fenews.co.uk | Fostering links with local businesses with the careers and enterprise company

I have followed the development of the Careers and Enterprise Company with interest and am pleased to see it finally kicking off, following the official announcement last Christmas.

The Government has rightly identified that giving young people access to industry and developing their employability skills is fundamental to reducing youth unemployment.

The Careers and Enterprise Company has been developed by the DfE and put in the hands of the LEPs. Backed by careers organisations and crucially, employers of all sizes, the aim of the Career and Enterprise Company is to bridge the gap between education and work.

This is the right approach and indeed, something I have been talking about for some time. By working in partnership with schools and other education providers, employers are able to influence and shape the aspirations of their future workforce. This is vital in order to secure the skills businesses need expand and flourish.
However, there appears to be a distinct lack of clarity about how the leads of the Careers and Enterprise Company will operate locally, via LEPs. How will it interface with businesses? Will it be a broker to employers for example?

There are of course, real benefits to operating on a local level. Skills needs vary hugely around the country and young people must be made aware of the real job and career opportunities available in their area.

But to be a truly effective initiative, I believe that there needs to be a manifesto set out for young people. Employers need to pledge practical support, making it clear what is on offer and how their involvement will bolster career prospects for the next generation.

Employer engagement is discussed a lot and you’d be hard pushed to find someone – teachers, parents, students – who doesn’t think it is a great idea.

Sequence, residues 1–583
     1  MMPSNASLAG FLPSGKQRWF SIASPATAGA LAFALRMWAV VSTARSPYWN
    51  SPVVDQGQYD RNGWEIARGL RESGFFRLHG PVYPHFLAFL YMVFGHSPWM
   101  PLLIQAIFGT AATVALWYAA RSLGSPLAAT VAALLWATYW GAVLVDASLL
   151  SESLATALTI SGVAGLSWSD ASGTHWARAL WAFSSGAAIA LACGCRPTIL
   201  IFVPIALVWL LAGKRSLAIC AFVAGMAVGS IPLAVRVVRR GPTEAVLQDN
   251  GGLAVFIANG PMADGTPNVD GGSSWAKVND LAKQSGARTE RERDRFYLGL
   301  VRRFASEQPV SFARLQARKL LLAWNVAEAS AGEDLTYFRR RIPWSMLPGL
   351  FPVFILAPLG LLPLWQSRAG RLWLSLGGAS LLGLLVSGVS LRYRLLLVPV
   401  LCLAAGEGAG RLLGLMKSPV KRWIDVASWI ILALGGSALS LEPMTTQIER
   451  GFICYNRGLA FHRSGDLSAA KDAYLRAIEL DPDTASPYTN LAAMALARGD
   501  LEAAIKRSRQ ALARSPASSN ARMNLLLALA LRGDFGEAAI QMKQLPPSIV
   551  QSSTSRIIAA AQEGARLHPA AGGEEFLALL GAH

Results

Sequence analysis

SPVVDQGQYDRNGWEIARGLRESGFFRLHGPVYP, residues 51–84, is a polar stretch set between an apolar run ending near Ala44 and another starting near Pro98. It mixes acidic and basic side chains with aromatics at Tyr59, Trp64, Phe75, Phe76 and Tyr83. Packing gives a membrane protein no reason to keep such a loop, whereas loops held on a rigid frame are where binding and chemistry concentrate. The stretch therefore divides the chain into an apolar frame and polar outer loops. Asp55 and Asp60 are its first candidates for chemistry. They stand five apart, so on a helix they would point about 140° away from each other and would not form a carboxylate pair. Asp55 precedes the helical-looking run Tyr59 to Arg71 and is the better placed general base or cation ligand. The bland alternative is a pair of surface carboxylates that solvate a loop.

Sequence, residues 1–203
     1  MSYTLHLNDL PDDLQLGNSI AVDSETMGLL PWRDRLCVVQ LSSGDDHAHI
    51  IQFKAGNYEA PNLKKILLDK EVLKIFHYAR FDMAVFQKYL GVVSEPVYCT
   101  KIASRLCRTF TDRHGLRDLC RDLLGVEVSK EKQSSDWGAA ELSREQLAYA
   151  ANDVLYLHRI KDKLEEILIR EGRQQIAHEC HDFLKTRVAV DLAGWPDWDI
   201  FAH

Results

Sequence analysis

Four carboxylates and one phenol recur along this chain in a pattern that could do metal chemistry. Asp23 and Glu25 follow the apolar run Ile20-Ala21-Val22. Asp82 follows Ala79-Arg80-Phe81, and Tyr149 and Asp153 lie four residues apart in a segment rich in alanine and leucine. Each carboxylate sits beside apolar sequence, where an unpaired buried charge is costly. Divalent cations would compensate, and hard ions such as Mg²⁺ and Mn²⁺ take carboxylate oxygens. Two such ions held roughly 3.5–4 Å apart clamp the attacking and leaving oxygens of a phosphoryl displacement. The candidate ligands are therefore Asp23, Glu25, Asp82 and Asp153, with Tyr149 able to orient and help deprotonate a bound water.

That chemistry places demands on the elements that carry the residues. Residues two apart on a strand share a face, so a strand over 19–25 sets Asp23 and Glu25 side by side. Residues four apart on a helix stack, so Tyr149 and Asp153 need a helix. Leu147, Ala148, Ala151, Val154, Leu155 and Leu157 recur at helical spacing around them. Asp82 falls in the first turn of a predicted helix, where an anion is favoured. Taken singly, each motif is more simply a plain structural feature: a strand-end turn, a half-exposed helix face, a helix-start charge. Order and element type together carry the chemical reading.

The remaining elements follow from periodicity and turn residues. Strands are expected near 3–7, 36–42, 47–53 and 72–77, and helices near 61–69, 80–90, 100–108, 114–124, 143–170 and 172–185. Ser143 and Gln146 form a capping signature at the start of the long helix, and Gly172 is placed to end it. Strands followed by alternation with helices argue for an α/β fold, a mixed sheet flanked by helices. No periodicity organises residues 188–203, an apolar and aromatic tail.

For employers themselves though, as much as they support the idea and can see benefits, there may be concerns over perceived practical difficulties. For SMEs and micro-businesses, the day-to-day running of their business has to come first and I appreciate their nervousness about making large-scale commitments to education.
Some employers to whom I have spoken say they simply don’t have the resource to, for example, supervise a young person for a week or indeed, the time to sit on a college board.

However, my hope is that the Careers and Enterprise Company, like the Career Colleges Trust, will help businesses of all sizes to see that ‘engagement’ can happen at a number of levels. Any sort of employer interaction with young people is hugely beneficial to both parties – whatever the activity or frequency of it.

Experience of Work is an important stepping stone to full work experience. The value to young people is immense and there is little or no burden on employers.
For example, visiting a workplace for a half day or indeed a few hours gives students an immediate insight to what a business or industry is about.

Alternatively, an employer could spend a couple of hours delivering a masterclass to a group of students or setting a live project brief. Such activities make learning relevant and encourage the development of the much talked about ’employability skills’.

Many young people struggle to identify a career path for themselves purely because they are unaware of the opportunities out there. Meeting an employer face to face and spending a few hours with them can be all it takes to inspire them.

I very much hope that the Careers and Enterprise Company fosters links with local businesses and encourages engagement with schools and colleges on all levels, to suit the business.

Our seven Career Colleges around the country are doing just this. Many 14-19 year olds are benefiting from genuine employer-engagement experiences, which are preparing them for the real world of work and inspiring them to achieve career success.

Ruth Gilbert is chief executive of the Career Colleges Trust

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